We're still over a year away from the big-screen debut of the amazingly titled Batman v Superman: Dawn of Justice, in which your two favorite DC Comics heroes will be v-ing each other alongside other members of the Justice League, and maybe getting around to fighting an actual supervillain somewhere in hour three, if they have time. If you can't wait, though, I have some good news: BrickNerd Studios has brought you a short film in which the LEGO counterparts of the Dark Knight and the Man of Steel slug it out in brutal combat... for... some reason.
I'm not overselling things when I say that this is the best possible version of this fight that you're likely to see onscreen, and that Hollywood's going to have a hard time topping it in 2016.
There are a lot of great things about the Batman '66 ongoing series, but I think my favorite is how it's been expanding the Dutch-angled, pop-art universe of the original TV show beyond its three-season run. There have been new adventures for the show's roster of special guest villains, new locations, and even new characters in the form of additions like the Arkham Institute's Dr. Holly Quinn and the massive, atomic-powered Bat-Robot.
On top of all that, the not-at-all surprising success of the Batman '66 revival has expanded the universe in one of the most interesting ways by finally giving us one of the biggest missed opportunities in the character's history: A full adaptation of Harlan Ellison's unproduced Two-Face story.
I've known that this story was out there for a while because it always comes up in discussions of great superhero stories that never happened, and finally getting to read it in this week's Batman '66: The Lost Episode was a fantastic experience -- not just because the story itself was fun, but because the way it was presented was amazing.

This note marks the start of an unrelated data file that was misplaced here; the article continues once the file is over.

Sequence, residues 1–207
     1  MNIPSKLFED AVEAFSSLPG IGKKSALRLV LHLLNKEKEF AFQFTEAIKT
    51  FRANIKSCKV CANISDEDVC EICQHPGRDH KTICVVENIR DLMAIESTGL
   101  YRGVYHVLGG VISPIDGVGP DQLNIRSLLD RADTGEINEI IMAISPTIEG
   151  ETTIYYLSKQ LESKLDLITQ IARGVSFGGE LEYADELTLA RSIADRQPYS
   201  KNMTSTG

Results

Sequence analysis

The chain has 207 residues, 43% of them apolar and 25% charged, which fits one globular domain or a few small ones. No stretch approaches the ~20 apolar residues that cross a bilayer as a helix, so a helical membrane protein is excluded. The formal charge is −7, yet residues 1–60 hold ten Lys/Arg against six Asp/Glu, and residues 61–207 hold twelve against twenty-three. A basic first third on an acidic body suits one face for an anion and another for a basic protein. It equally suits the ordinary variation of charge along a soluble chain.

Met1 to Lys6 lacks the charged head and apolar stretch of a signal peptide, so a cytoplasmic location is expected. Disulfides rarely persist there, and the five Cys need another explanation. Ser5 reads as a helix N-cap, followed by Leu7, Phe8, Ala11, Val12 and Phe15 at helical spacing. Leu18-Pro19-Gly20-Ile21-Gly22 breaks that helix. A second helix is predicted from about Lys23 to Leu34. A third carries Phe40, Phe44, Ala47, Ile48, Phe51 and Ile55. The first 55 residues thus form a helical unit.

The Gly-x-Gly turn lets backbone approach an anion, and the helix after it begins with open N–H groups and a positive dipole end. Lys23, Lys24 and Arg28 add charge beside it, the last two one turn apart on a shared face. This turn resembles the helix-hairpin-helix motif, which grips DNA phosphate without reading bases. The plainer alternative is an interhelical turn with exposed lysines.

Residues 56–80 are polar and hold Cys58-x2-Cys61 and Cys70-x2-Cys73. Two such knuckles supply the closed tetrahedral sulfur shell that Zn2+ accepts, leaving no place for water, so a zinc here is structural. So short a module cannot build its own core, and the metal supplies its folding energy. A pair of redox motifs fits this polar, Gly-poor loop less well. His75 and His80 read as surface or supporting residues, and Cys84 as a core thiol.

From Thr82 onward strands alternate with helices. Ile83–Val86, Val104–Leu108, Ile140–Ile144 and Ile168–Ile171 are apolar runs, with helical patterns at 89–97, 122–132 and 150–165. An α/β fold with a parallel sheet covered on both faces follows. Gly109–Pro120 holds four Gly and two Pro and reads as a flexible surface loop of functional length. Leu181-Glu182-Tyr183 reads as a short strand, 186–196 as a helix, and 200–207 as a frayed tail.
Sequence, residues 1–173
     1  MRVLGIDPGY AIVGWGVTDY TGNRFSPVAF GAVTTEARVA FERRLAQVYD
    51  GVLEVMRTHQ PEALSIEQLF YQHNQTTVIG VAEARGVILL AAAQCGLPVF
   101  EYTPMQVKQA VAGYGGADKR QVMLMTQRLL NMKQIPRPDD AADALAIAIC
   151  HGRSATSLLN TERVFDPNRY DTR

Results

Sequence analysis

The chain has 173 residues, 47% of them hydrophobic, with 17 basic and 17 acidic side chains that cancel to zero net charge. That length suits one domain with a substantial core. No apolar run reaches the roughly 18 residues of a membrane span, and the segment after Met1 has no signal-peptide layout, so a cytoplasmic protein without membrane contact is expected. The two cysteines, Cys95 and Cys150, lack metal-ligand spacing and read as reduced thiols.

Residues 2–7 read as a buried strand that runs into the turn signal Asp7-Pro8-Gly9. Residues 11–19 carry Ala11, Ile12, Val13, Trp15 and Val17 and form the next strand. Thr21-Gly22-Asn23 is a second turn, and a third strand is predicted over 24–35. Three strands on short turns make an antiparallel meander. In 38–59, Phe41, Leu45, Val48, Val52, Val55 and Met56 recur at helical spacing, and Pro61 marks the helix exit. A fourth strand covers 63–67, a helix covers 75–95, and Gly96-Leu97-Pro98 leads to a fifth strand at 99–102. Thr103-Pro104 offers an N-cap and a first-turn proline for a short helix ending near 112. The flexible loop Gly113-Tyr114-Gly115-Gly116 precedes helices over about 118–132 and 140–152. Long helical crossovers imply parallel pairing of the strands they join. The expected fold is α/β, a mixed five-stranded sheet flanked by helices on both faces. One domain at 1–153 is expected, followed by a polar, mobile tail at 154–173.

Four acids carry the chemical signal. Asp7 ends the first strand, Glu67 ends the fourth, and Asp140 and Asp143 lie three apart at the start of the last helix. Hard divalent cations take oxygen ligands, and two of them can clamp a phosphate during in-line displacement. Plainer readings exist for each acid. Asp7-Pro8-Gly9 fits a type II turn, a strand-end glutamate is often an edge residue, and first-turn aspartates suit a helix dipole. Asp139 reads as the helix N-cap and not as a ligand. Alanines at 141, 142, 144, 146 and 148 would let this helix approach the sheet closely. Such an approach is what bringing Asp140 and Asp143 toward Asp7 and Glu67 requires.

Azzarello and Chiang's Wonder Woman has been praised for putting forth an epic, cohesive and narratively self-contained superhero drama with flourishes of the urban fantasy that once defined DC's Vertigo imprint, but has also been criticized for the changes it made to Wonder Woman's core myth. What's not in dispute is that the pair have created the most memorable and talked about Wonder Woman story in years -- maybe in decades -- and to mark the conclusion of their work, we caught up with Chiang and Azzarello to look back at their run and talk about their novel take on the feminist icon.
The CW’s superhero series Arrow re-imagines Green Arrow for a TV audience as a tough, often ruthless vigilante bent on setting things right in his home of Starling City by punishing the wicked. ComicsAlliance’s Matt Wilson is back for the third season of the popular series in our recap feature we’re officially dubbing Pointed Commentary.
This week: Arrow gets stalked, Felicity Smoak and Ray Palmer make something of a love connection, and 'Arrow' gets its Poochie.
When ComicsAlliance first heard that Gilbert Hernandez would write and draw a Wonder Woman story for DC's digital first Sensation Comics series, we were excited to see what the master Love & Rockets illustrator would would do with the character. We also assumed he'd be the author of the story about Wonder Woman as a rock star.
Anyone following Sensation Comics now knows that the rock star story was Margeurite Sauvage's excellent work, while Hernandez spun a tale about a brainwashed Diana going toe-to-toe with fellow heroes Supergirl and Mary Marvel. The first half of his two-parter, "No Chains Can Hold Her," is already available. DC sent us this exclusive preview of part two, available this Thursday.
Readers demand a lot from superhero comics: consistency, continuity, adherence to the rules of the universe, compelling heroes, magnetic villains, satisfying endings, and the list goes on.